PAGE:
As he was getting set for his third Olympics representing the Netherlands at the 2016 Rio Games, former men's crew standout Olivier Siegelaar added another accolade to his already impressive resume: Pac-12 Postgraduate Scholarship recipient.
Siegelaar rowed for the Golden Bears in 2010, when he and his varsity eight teammates won the IRA national championship, and 2011, when he received all-conference honors. He then competed at the London Olympics - his second following Beijing in 2008 - before returning to Berkeley to complete his degree in mechanical engineering.
Having been accepted to Oxford University to pursue an MBA, Siegelaar was named a 2016 recipient of $9,000 from the Pac-12's Postgraduate Scholarship Program to honor outstanding scholar athletes and provide assistance for their graduate study.
"Being a student-athlete at Cal has played a big role in shaping me as a person," Siegelaar said. "It taught me to be committed, to handle adversity and the importance of teamwork. It enabled me to aim for the top in every aspect of life."
It's not too often that you hear about a college football assistant coach playing video games with one of his student-athletes. That's the case with the Cal football program.
Offensive line coach Brandon Jones, one of Cal's young offensive assistant coaches along with offensive coordinator Jake Spavital and inside receivers coach Jacob Peeler, enjoys connecting with his linemen by relaxing with some video games when they aren't working on the football field. Jones and Peeler are 32 years old, while Spavital is 31.
Spavital is currently the fifth-youngest coordinator out of all FBS schools, and he would be the youngest head coach out of all FBS schools by three years.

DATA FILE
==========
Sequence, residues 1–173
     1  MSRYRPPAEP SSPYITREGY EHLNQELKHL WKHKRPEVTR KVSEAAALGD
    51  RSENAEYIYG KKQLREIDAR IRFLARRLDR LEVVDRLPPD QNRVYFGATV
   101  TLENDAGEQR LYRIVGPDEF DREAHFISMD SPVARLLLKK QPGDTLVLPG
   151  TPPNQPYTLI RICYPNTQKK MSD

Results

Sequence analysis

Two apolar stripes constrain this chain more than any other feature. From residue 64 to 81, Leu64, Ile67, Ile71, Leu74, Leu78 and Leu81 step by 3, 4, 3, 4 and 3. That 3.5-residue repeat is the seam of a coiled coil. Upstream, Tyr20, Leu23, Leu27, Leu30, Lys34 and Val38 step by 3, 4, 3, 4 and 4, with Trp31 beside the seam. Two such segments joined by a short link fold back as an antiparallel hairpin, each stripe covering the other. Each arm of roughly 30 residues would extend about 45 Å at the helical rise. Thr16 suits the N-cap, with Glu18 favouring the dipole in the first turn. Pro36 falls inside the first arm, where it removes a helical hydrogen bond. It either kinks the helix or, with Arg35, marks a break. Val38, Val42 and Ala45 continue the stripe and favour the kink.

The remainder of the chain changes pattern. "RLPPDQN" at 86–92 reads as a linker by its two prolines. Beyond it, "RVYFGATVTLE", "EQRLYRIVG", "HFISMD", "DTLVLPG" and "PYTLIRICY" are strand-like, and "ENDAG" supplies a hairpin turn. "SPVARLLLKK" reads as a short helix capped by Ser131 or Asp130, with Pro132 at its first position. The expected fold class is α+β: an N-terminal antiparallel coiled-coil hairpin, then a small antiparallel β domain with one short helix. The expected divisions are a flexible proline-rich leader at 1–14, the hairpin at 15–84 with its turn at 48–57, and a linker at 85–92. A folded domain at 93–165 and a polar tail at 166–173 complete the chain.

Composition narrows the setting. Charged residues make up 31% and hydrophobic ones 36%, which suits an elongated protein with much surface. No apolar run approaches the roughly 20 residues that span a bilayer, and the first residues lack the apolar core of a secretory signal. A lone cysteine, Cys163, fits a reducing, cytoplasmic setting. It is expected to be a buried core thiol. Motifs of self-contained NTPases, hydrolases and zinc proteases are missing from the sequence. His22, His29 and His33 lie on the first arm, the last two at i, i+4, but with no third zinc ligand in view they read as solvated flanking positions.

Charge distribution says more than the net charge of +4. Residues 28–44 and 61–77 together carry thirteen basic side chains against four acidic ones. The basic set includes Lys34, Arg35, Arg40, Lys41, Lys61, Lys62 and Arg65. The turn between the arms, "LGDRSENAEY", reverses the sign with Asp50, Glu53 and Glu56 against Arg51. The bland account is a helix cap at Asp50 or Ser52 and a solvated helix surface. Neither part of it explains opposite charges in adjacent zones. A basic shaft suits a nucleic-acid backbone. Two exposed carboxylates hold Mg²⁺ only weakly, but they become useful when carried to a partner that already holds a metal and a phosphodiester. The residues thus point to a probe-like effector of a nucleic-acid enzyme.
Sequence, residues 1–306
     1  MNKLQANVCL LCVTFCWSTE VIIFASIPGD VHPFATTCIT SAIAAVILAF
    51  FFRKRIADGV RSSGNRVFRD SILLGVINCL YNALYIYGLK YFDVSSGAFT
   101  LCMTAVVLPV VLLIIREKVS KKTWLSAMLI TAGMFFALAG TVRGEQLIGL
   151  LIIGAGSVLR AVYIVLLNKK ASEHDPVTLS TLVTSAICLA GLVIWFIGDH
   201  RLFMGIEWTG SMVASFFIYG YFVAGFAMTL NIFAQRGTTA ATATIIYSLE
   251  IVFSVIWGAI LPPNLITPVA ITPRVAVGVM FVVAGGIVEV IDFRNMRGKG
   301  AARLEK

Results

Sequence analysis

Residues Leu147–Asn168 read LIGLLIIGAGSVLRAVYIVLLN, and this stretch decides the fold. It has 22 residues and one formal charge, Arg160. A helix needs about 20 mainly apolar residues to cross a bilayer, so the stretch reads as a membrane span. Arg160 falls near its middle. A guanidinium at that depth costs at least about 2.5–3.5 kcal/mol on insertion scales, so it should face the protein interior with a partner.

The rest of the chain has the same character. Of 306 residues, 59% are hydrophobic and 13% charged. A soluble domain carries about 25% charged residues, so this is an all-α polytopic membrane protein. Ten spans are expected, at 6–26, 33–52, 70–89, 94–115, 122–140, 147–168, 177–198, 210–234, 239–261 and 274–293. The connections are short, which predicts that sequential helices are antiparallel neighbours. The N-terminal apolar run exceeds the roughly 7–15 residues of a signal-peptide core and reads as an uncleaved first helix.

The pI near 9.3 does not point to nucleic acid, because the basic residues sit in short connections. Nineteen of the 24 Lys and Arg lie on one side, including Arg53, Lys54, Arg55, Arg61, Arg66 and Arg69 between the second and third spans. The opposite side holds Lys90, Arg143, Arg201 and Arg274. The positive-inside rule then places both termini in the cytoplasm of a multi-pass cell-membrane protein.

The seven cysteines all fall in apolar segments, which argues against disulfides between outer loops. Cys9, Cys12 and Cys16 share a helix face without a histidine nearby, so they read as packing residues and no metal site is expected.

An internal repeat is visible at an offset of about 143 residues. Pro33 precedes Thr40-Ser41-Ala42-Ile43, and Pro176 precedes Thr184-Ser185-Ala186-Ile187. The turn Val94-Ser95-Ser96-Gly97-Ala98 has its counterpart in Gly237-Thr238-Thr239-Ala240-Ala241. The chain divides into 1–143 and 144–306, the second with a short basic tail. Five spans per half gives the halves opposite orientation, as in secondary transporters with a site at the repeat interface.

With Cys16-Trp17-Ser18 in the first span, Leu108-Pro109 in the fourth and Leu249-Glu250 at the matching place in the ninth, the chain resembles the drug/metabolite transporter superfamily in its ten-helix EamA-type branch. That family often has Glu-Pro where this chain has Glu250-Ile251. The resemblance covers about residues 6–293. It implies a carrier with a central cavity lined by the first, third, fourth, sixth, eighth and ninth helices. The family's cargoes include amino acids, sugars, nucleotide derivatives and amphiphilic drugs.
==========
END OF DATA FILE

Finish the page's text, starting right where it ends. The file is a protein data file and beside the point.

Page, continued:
"The younger coaches are able to relate more to their players," Spavital said. "It helps in the terms of how we coach. We can relate to the players, which helps in the recruiting process, as well. I think what Coach Dykes has here is a very diverse group of coaches of all ages. Where we're at offensively, it's a very fun group of guys to be around."
RIO DE JANEIRO - For as long as he can remember, Ryan Murphy has dreamt of becoming an Olympian.
What once seemed a far off fantasy for a young swimmer turned into a moment Murphy will never forget as, in his first Olympic final, the Cal senior claimed gold with an Olympic record swim in the 100-meter backstroke. His time of 51.97 seconds is an Olympic record and sat just 3-tenths of a second off Aaron Peirsol's world record of 51.94 set in 2009.
As a first-time Olympian, Murphy left the Olympic Trials in early July with the hope of becoming the next face in a line of American backstroke brilliance. United States swimmers owned the last five gold medals in the 100 back coming into the Rio games, and as the winner of the event in Omaha, Murphy earned the expectations that came with being an American backstroker.
His charge to the gold started at the 50-meter mark. Coming off the wall with an underwater turn of speed familiar to those who've watched Murphy make the same turn at Spieker Aquatics Complex, he surged from fourth to the lead in a matter of seconds. China's Xu Jiayu and United States teammate David Plummer fought to the wall but the Cal senior had the lead he needed to win gold.
"The adrenaline is going so hard for me right now, I don't even feel tired just because I'm so excited," Murphy told reporters after the race. "This means everything to me. I've been swimming for 16 years and to have it come to this is just a dream come true."